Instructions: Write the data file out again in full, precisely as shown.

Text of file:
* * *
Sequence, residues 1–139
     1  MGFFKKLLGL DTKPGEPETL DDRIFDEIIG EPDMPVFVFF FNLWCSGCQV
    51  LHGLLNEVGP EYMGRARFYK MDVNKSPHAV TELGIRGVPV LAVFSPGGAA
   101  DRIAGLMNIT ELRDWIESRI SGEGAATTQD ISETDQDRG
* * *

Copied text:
Sequence, residues 1–139
     1  MGFFKKLLGL DTKPGEPETL DDRIFDEIIG EPDMPVFVFF FNLWCSGCQV
    51  LHGLLNEVGP EYMGRARFYK MDVNKSPHAV TELGIRGVPV LAVFSPGGAA
   101  DRIAGLMNIT ELRDWIESRI SGEGAATTQD ISETDQDRG